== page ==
September 7, 2018

Kyl Appointment; Renewable Energy Initiative; New Asylum Seekers

Plus, leaders of the Democratic and Republican parties in Pima County discuss the general election.

This week the U.S. Senate welcomed back Jon Kyl, a day after Gov. Doug Ducey appointed the Republican to the seat vacated by the late Sen. John McCain. Kyl previously served three terms before retiring in 2012 and said he will stay through the current congressional session, which ends on Jan. 3. Until then, Republicans will likely count on him for votes on key issues. Arizona 360 got analysis from Arizona Capitol Times editor Luige del Puerto.

"In Arizona, there are very few people that can get into this role right away and do the job that is expected of this position. And quite frankly Jon Kyl is at the very top of that list," del Puerto said.


With the focus on November's general election, speculation continues to build on whether crucial congressional seats will flip from red to blue. Understandably, we received very different responses from the leaders of the Democratic and Republican parties in Pima County, Jo Holt and David Eppihimer.

"I have too many people walking into my headquarters every day and calling us on the phone … saying: 'I haven't been active for a long time. I need to get active. I need to help.' And they're being motivated by what's happening at the federal level," Holt said.

"And we have Democrats walk into our office every day changing their registration because they say their party has gone too far left," Eppihimer said.


In November, voters will decide the future of Arizona's energy sources. A recent ruling from the Arizona Supreme Court cleared the way for Proposition 127 to appear on the ballot, which would require the state's utilities get half of their energy from renewable sources by 2030. Vanessa Barchfield spoke to proponents and opponents of the initiative.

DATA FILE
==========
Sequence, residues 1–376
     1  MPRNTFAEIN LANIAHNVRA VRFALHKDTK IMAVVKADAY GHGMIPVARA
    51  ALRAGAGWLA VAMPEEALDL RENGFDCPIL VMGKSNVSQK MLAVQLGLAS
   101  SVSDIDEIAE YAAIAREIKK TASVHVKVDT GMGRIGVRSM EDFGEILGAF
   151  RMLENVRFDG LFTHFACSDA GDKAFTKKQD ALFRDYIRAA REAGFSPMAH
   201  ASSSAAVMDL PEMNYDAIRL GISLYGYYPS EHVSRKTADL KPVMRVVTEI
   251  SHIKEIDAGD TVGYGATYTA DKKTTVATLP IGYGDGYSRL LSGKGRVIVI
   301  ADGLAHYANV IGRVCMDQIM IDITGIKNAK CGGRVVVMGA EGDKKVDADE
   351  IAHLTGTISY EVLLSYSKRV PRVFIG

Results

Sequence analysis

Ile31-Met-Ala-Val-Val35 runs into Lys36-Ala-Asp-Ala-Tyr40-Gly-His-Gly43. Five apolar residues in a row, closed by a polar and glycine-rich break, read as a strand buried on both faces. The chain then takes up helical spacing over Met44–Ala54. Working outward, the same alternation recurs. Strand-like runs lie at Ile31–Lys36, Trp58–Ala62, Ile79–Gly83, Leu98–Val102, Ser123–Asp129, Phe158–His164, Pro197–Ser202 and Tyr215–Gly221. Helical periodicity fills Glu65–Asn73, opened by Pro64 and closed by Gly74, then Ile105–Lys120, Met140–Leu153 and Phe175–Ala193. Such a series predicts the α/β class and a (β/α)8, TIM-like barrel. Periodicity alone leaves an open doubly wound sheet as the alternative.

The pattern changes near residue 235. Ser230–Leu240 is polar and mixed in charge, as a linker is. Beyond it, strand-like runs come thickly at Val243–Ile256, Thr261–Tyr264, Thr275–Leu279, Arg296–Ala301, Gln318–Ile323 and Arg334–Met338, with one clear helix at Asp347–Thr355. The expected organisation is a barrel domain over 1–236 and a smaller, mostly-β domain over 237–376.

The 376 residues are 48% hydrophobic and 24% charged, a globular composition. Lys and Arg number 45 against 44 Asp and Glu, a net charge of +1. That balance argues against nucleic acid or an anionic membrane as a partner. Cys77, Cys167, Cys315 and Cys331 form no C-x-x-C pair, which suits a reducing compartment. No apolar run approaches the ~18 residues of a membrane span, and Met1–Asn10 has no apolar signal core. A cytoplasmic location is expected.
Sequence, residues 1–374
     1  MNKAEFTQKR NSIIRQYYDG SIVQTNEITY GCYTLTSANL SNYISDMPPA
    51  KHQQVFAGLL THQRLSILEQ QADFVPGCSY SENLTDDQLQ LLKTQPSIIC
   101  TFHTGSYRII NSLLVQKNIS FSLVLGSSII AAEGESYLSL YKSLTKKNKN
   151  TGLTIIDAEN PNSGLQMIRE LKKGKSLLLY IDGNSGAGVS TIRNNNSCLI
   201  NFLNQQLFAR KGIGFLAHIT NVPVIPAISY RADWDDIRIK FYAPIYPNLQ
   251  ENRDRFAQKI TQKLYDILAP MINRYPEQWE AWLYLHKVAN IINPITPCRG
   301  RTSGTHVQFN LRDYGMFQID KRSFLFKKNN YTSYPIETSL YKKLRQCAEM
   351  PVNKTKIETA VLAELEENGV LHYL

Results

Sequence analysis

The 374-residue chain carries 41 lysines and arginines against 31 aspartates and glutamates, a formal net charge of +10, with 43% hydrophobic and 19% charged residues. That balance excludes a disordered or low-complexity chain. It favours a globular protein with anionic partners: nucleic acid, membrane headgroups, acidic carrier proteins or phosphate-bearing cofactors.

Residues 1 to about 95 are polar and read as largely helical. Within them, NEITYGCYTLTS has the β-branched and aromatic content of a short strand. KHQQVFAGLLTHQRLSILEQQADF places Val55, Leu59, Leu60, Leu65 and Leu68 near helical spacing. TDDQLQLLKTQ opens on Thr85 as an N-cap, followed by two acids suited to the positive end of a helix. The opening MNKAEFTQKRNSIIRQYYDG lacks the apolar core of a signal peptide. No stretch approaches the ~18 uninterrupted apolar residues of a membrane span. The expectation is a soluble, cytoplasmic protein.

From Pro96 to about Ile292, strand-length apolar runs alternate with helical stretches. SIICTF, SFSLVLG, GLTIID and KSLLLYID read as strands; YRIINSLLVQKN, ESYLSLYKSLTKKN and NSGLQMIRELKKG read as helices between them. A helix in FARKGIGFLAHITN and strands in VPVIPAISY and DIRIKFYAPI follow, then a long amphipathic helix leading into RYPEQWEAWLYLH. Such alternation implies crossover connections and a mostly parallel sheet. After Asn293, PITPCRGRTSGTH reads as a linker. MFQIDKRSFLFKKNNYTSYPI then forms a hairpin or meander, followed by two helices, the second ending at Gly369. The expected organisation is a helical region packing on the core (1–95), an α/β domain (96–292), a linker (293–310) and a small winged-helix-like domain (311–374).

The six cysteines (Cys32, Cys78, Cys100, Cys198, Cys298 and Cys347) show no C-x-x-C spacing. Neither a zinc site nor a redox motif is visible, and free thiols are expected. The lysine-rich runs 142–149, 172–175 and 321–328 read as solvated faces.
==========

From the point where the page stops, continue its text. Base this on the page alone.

This month, dozens of people have arrived at the ports of entry in Nogales to request asylum. Customs and Border Protection says the agency's current policy is to keep families together while at the ports "to the extent that is operationally feasible." Lorraine Rivera met asylum seekers in Nogales, Sonora, waiting to be processed.


As NAFTA talks between the United States and its neighbors ramp up, those in Southern Arizona whose livelihoods depend on trade are watching closely. That includes Scott Vandervoet, owner of Vandervoet & Associates and chairman of the Fresh Produce Association of the Americas. Member companies import fruit and produce from Mexico and distribute those goods across the U.S. and Canada. Vandervoet discussed what he would like federal negotiators to know is on the line for companies like his.

"This is a very vibrant economy and a vibrant community that's dependent on U.S.-Mexico trade. And hampering that trade would have detrimental effects to our area," Vandervoet said. "You can't put a price on it. It is our entire livelihood and our future."

Arizona 360
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